October is on and that signifies the start of the final quarter. If you do not have your oar in the water paddling furiously, it may be time to get an oar for each hand. And the harder you paddle, the harder it is to stay on course.

An insidious phenomenon kicks in under these circumstances. This one, described right here. “It is very easy to confuse activity with results when you’re under pressure”.

Did I mention staying on course? This presumes that you have a plan which lays out the direction you should be travelling in. In the privacy of that padded cell you call your mind, ask yourself this “Do I have a plan — for my business, or for my job as an employee — which gets me to exactly where I want to get to by December 31? And if I do, how am I doing so far? If I don’t, have I realised it too late?”

Alternatively, Own your space. Stand your ground. Rise Up!

Make the right things happen by building a cut-down, racing version of a plan which has three to five objectives that you can nail in the less than 90 days time until New Year’s Eve. Here are a few tips:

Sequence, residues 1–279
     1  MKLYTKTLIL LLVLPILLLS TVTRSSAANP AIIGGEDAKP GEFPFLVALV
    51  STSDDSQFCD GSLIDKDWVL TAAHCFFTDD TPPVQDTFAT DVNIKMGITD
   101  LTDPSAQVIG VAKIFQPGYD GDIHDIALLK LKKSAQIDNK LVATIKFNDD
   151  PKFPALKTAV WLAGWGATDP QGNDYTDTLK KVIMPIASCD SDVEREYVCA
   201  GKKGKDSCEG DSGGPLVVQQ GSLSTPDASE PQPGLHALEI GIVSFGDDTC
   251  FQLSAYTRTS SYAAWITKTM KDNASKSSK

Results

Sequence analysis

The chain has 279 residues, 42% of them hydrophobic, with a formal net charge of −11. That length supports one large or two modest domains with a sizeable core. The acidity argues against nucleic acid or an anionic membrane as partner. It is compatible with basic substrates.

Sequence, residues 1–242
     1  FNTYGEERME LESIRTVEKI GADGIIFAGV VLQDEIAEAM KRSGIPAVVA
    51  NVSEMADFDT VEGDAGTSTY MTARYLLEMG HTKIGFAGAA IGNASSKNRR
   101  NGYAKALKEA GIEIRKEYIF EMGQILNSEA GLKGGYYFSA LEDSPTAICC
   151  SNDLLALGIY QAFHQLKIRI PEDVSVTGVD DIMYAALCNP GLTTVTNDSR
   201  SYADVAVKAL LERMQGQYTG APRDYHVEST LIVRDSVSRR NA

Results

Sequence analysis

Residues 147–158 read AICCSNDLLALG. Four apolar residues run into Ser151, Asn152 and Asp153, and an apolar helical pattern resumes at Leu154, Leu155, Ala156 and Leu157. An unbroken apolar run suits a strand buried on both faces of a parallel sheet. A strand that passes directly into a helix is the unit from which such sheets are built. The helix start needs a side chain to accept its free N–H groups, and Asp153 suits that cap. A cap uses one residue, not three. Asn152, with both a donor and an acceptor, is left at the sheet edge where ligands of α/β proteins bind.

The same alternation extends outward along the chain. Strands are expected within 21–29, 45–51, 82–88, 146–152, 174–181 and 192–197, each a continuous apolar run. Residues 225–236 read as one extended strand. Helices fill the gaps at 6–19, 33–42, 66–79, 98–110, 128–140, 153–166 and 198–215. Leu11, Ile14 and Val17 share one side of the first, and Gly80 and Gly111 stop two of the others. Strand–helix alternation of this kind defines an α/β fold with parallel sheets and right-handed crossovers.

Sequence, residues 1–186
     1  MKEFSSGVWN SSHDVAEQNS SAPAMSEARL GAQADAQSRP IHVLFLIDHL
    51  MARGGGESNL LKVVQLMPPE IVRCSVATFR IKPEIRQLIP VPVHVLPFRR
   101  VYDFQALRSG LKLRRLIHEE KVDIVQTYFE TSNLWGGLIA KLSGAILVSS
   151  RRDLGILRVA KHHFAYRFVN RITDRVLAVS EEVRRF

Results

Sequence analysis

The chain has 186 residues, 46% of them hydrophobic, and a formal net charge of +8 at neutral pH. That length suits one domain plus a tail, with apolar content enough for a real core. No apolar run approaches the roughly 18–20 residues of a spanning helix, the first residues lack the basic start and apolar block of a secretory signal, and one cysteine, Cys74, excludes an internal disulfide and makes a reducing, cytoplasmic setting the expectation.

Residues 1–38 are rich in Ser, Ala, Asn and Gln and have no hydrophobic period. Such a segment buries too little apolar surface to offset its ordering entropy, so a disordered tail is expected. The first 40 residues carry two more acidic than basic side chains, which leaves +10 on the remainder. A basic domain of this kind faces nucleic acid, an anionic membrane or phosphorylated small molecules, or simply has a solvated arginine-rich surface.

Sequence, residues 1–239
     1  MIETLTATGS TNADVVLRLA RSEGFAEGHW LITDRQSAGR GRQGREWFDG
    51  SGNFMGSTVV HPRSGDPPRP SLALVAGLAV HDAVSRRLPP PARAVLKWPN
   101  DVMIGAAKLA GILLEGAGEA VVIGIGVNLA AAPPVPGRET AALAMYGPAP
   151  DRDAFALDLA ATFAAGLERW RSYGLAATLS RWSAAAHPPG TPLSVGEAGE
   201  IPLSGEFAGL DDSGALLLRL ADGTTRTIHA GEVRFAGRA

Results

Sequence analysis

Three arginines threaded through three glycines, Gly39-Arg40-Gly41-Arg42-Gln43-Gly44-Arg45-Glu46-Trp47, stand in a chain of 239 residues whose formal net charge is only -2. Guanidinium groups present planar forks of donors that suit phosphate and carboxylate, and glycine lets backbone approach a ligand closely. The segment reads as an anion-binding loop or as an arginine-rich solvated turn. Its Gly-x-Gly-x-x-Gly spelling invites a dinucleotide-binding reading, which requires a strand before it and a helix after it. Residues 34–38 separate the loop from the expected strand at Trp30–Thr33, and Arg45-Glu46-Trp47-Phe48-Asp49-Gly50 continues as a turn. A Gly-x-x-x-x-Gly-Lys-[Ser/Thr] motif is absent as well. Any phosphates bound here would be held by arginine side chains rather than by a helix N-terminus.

* The objectives should build on good work you’ve already done, but haven’t quantified;

* Go for max visibility. If you aren’t going to get much done, make sure all the right people know what you have done;

* Pick objectives big enough to matter and small enough to achieve;

* Update your accounts daily if you’re in your own business; and

* Watch for the slightest slip and react, and celebrate every step forward with those chewy sour sweets covered with sugar granules.

If you’re an employee or manager, update progress to the key influencers every two weeks. Make sure you advertise your efforts and results shamelessly.

If your business has a performance appraisal process, schedule a “last lap” meeting with your manager to get their buy-in on the objectives and direction you’re setting for yourself.

Get help from the people you need to impress. Get them on board Team You.

Volunteer for anything and everything. Your clients will give you business next year, and your colleagues will burn incense in your honour. Practise the art of “sprezzatura”, which is doing fiendishly complex things or racing round at a million miles an hour, but giving the appearance of being calm and in control. Like a swan gliding along, with its paddles thrashing below.

Some of these tips might sound self-serving, somehow scurrilously shady. They are. But so what!

No one will get hurt. And you will most certainly prosper. And take it from me as a seasoned pro (a euphemism for “well past the sell-by date”), “Old age and treachery will always beat youth and exuberance.”

Steve Ashby is CEO of Businessmentals.